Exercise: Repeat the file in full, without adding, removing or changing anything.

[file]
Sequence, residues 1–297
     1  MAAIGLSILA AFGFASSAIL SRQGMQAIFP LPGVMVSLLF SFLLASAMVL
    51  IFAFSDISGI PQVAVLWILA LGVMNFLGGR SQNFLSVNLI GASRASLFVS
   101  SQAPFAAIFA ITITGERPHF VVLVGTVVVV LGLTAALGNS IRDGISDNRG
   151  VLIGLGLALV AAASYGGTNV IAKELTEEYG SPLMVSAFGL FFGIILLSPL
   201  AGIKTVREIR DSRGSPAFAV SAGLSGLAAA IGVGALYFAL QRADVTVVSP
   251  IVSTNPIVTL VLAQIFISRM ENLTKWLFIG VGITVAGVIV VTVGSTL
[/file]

Sequence, residues 1–297
     1  MAAIGLSILA AFGFASSAIL SRQGMQAIFP LPGVMVSLLF SFLLASAMVL
    51  IFAFSDISGI PQVAVLWILA LGVMNFLGGR SQNFLSVNLI GASRASLFVS
   101  SQAPFAAIFA ITITGERPHF VVLVGTVVVV LGLTAALGNS IRDGISDNRG
   151  VLIGLGLALV AAASYGGTNV IAKELTEEYG SPLMVSAFGL FFGIILLSPL
   201  AGIKTVREIR DSRGSPAFAV SAGLSGLAAA IGVGALYFAL QRADVTVVSP
   251  IVSTNPIVTL VLAQIFISRM ENLTKWLFIG VGITVAGVIV VTVGSTL